The Museum of London Docklands is planning an exhibition later this year on London’s Jewish fashion designers and is looking for people to contribute items for display. From East End tailors to the couture salons of the West End, the exhibition aims to tell the story of Jewish designers, makers and retailers responsible for some of the most recognisable looks of the 20th century.

Sean Connery at men’s outfitters having clothes made to measure, for James Bond Film (c) Harry Myers, Shutterstock

Representing all levels of the fashion industry at key moments throughout the twentieth century, the exhibition will allow visitors to step into the world of a 1960s Carnaby Street shopping boutique and a traditional tailoring workshop from the East End.

Alongside pieces from its own collection, the Museum of London Docklands is searching for high-profile items created by leading designers, including:

  • Menswear pieces made by Mr Fish and worn by famous names such as Sean Connery, David Bowie, Mick Jagger, Muhammad Ali and Michael Caine
  • Menswear pieces made by Cecil Gee and worn by famous names such The Beatles
    1930s or 1940s womenswear pieces made by Rahvis and worn by famous names, including Hollywood film stars
  • Hats made by Otto Lucas and worn by famous names such as Greta Garbo or Wallis Simpson
  • Theatre costume made by Neymar for Cecil Landau’s production of Sauce Tartare (1949)
  • 1930s gowns made by dressmaker Madame Isobel (Isobel Spevak Harris)

“Jewish people were working at all levels of the fashion industry in London throughout the twentieth century but the extent of their contribution has been widely unrecognised,” says Fashion Curator Dr Lucie Whitmore. “Jewish makers established the ready to wear industry, worked their way into the highest levels of London fashion and dominated Carnaby Street in the swinging sixties. Many of these designers were internationally famous – favoured by the rich and famous and highly respected for their creativity, skill, and originality. It’s a contribution that deserves to be recognised.”

Mr Fish, who designed David Bowie’s dress worn on the album cover of The Man Who Sold the World and Sean Connery’s 007 shirts, was well known as a leading figure of the Peacock Revolution. Known for inventing the ‘Kipper tie’, his distinctive tailoring includes bold colours and luxurious fabrics.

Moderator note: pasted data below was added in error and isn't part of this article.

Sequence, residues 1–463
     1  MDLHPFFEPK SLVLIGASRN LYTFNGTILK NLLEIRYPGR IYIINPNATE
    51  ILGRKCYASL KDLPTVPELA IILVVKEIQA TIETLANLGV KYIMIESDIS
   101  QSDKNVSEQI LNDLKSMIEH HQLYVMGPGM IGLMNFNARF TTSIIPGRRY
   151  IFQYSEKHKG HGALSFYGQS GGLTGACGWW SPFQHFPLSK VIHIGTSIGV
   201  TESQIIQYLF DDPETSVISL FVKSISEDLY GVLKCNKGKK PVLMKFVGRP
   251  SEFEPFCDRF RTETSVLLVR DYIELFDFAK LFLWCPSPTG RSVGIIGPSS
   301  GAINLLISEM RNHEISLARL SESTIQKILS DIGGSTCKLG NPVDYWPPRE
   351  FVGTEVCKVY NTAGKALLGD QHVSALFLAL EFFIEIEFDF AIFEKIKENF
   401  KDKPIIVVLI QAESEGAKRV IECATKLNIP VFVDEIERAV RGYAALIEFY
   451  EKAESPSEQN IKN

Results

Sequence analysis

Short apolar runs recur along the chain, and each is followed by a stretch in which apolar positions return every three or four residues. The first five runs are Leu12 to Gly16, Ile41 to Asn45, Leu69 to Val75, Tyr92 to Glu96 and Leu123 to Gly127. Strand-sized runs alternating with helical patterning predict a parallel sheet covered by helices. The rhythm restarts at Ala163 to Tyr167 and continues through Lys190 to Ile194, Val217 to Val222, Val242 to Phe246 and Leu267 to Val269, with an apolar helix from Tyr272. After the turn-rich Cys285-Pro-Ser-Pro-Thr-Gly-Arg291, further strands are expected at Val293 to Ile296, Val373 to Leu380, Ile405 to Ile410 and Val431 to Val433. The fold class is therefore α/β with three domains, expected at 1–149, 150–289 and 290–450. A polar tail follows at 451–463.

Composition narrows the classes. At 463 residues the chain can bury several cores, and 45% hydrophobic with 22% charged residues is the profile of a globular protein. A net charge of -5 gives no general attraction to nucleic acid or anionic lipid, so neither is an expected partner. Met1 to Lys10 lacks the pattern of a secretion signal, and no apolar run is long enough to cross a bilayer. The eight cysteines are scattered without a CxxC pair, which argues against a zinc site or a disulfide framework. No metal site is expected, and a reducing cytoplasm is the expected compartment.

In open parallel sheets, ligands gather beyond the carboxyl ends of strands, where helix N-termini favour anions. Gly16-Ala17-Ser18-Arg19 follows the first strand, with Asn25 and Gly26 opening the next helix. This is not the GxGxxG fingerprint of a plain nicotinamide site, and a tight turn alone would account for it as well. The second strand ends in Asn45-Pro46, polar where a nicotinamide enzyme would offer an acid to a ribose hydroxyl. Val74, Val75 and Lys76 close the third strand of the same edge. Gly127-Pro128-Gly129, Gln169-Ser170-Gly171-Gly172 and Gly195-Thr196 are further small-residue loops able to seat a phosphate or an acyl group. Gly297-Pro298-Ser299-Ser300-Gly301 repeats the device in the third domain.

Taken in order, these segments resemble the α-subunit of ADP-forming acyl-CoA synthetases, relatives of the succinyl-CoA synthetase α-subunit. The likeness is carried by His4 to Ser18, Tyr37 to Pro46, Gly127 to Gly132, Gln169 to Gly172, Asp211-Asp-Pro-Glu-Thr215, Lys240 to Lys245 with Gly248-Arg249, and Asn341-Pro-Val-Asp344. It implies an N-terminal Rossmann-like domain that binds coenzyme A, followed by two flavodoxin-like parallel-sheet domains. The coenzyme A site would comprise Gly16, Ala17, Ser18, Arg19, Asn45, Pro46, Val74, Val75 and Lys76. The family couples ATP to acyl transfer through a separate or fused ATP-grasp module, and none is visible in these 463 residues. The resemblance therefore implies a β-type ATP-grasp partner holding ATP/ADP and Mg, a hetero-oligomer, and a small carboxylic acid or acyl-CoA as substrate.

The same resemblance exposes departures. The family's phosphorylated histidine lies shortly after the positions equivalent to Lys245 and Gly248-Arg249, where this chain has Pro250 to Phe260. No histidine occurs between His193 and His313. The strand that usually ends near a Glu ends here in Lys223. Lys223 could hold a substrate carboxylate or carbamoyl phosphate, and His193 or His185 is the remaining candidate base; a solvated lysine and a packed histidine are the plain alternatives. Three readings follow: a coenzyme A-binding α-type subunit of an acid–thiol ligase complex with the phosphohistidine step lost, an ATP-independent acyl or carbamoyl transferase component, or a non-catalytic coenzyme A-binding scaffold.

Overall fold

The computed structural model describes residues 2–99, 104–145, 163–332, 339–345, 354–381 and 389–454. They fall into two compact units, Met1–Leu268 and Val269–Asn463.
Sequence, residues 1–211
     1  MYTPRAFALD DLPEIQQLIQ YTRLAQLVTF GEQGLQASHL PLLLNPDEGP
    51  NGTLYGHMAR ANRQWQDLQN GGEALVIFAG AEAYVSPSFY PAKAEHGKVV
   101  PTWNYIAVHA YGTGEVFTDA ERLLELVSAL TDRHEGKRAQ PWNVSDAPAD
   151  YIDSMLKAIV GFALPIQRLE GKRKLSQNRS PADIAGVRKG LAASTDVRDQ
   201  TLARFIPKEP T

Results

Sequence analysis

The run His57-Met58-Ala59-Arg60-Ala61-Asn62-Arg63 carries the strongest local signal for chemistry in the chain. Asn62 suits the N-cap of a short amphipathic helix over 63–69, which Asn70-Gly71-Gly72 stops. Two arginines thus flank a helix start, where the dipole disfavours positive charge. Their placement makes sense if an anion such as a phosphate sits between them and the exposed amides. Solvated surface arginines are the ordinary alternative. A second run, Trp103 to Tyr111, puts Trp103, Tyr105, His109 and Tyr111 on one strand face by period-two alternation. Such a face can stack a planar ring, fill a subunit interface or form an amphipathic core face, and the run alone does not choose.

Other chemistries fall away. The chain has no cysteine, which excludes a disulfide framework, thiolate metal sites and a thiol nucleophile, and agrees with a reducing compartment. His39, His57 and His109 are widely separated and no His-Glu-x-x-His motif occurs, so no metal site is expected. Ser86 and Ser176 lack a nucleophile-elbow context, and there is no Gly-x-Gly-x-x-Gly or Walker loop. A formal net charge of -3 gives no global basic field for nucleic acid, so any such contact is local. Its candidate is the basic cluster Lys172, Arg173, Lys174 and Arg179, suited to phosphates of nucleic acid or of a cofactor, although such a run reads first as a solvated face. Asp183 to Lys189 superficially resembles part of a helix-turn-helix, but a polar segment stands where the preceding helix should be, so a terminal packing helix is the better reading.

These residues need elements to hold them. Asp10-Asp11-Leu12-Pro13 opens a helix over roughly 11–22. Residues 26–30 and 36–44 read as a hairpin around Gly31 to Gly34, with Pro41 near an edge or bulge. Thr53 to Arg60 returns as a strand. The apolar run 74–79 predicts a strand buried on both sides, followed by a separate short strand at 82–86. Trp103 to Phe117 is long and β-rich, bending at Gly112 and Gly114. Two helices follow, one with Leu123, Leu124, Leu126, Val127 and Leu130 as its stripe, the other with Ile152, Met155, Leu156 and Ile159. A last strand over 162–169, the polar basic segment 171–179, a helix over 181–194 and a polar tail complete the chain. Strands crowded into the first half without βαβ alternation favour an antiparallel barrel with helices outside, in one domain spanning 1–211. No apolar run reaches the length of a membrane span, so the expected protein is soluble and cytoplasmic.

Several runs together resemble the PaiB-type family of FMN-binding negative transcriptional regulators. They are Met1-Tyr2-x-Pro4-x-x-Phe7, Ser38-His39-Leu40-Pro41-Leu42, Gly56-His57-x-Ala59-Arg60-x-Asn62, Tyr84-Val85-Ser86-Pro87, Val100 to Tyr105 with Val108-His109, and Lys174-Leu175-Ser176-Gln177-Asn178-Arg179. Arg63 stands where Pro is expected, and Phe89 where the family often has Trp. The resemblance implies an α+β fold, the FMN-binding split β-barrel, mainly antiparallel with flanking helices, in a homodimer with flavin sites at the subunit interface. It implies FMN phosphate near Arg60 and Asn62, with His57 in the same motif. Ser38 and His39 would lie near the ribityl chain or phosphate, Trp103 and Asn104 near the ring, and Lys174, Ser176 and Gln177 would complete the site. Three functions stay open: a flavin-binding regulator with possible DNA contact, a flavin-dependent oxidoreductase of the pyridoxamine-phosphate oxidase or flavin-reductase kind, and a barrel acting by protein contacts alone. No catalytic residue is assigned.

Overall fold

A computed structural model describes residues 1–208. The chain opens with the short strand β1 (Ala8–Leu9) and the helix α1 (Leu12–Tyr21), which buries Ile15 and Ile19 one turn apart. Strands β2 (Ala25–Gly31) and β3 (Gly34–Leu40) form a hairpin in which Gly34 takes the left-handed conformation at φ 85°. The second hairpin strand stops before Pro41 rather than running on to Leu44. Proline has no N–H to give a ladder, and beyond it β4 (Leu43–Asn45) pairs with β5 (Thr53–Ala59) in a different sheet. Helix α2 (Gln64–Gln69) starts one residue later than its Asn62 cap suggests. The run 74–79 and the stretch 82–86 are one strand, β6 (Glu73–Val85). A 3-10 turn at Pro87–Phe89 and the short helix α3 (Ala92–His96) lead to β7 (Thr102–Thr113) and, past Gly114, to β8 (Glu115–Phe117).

Otto Lucas was a German-born gay Jewish man who came to London in the 1930s. He was incredibly famous and known as one of the most successful milliners of all time. He put London on the map for high-end millinery and was featured regularly in Vogue, with his hats appearing on the cover multiple times.

“This exhibition is a real celebration of the excellence of London fashion, highlighting the fantastic contribution of London’s immigrant communities,” says Dr Whitmore. “To tell the all-encompassing story, we want to locate other pieces by these designers and would love anyone who knows their whereabouts to get in touch and help us showcase their work and legacy.”

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5 comments
  1. Hilary Wrightman says:

    I Have my grandmother’s wedding dress that was made by a Jewish seamstress for her wedding in 1900.
    It was made in the East End of London and needs some tender loving care.
    I have a wedding photograph as well
    Is this of interest to you?

    • Ruth ( Cookie) White says:

      My mother Jean Conn was a top designer in the 50’s and 60s with salons in Clifford St. and South Molton St. Mayfair.She was VERY well known. I have 5 dresses here which I would be happy to ‘loan’ to your exhibition but wouldn’t want to part with them permanently-too precious to me.Her clents were celebs./ aristocracy/ and, of course, her Jewish clientele! I worked in South Molton St. in the 60s and loved every minute of it.I have been a dressmaker/ designer my whole life, my mother’s mother was a dressmaker and my grandfather had a trouser factory in the East End. My granddaughter also makes clothes-so 4 generations!

  2. jackie says:

    I have a 1950’s wedding dress that was made by hand by a jewish seamstress, can send you a pic if needed

  3. Janet Taplin says:

    My mother worked for Jean Conn in the 1950’s she recently passed away and I now have found her work book with designs and clients measurements and bills

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